Seven electrically conductive cables (2C, 3C, 4C, 6C, 8C, 9C, and 13C) are connected to the respective bushings (2J, 3J, 4J, 6J, 8J, 9J, and 13J) and extend rearwardly therefrom within hollow housing 220. The seven cables are interconnected within housing 220 remotely rearwardly of the bushings in the manner schematically indicated in FIG. 7. As also described in FIG. 7, there are intervening electrical gates (e.g. diodes D1, D2, D3, D4, and D5) and which are preferably positioned within housing rear zone 225. Specifically, immediately prior to the interconnection between cables 8C and 9C, there is the intervention of diodes D1 and D2, respectively. In addition, diodes D4 and D5 are desireably connected to cable 6C and intervene between cables 8C and 9C, respectively. The fifth diode D3 intervenes along cable 6C between its branch-cable 7C and the cable 6C connection to cable 3C. An electrical resistor RR (of about 300 ohms value) and light bulb indicator B intervene between cables 4C and 6C. Such light bulb indicator B is mountable at housing cap 230. A test switch TS, that is also mountable at housing cap 230, provides an "on-off" interruptable connection between cables 7C and 13C.

Although already having been alluded to, usage of the locomotive safety device plug (200), and installable onto an "MU" unit (120) of a locomotive (100) under "blue flag" condition, is set forth as follows. Ancillary to usage of the safety device plug (200), the railyard supervisor or a deputy proceeds to a "blue flag" condition locomotive at an "MU" unit (120) devoid of a jumper (119), lifts the cover-plate (121) to expose the 27-pins of the "MU" unit (120), and engages the seven-perforations safety device plug (200) with the similarly spaced and appropriate seven-pins of the "MU" unit. In the latter regard, a comparison of drawing FIGS. 2 and 5 shows that the spacing of the seven-bushings (2J, 3J, 4J, 6J, 8J, 9J, and 13J) is selected to exactly match the conventionally established seven-pins ("2", "3", "4", "6", "8", "9", and "13").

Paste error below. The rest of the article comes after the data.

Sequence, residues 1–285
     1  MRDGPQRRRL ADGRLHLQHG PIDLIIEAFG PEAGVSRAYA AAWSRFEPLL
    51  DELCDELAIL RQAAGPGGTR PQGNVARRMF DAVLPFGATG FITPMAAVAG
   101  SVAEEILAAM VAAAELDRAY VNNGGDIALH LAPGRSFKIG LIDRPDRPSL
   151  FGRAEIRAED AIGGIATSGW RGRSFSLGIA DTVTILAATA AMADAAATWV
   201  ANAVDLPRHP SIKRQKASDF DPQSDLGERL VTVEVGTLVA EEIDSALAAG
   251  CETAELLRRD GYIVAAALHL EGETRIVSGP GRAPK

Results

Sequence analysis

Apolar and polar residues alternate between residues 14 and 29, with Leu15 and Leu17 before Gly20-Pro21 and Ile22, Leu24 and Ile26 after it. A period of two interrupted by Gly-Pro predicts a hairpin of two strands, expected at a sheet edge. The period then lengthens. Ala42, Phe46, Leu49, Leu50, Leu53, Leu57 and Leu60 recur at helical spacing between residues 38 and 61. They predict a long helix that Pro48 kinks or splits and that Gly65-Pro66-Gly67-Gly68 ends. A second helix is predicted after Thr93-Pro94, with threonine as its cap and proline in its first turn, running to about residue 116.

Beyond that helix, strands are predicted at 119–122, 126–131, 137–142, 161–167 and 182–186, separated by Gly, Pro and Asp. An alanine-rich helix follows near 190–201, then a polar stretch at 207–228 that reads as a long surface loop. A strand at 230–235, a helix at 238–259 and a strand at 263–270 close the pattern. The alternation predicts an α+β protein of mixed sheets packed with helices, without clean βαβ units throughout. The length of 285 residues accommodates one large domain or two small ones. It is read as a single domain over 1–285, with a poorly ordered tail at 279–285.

Accordingly, in view of the removably engaged locomotive safety device (200) with the appropriate seven-pins of the "MU" unit (120), such device 200 tends to enforce the perilous "blue flag" condition in the event that would-be locomotive operators might be unaware of, or even intentionally disregard, the "blue flag" condition. In the latter regard, it will be recalled that, in order to initiate longitudinal motion to a stopped locomotive, the operator within cab 103 must perform the following two operational maneuvers:

(i) as a first step, the operator must move the forward-rearward directional control (105) to either the forward (105F) or the rearward (105R) position from the "neutral" setting; and then

(ii) as the second step, the operator must move the acceleration control (106) from the "idle" setting to some affirmative setting. Thus, the locomotive safety device plug (200) tends to enforce the "blue flag" locomotive condition as follows. If the would-be operator takes the unauthorized first step (i above), movement of the forward-rearward motive directional control (105) from "neutral" setting will (through connected bushings 2J and 8J or 9J) set off the locomotive alarm (e.g. audible bell 107) which warns the would-be operator of the perilous "blue flag" condition. For the vast majority of cases involving would-be operators who are unaware of the locomotive "blue flag" condition, such warning alarm function of the safety device (200) would wholly suffice for enforcing the "blue flag" condition.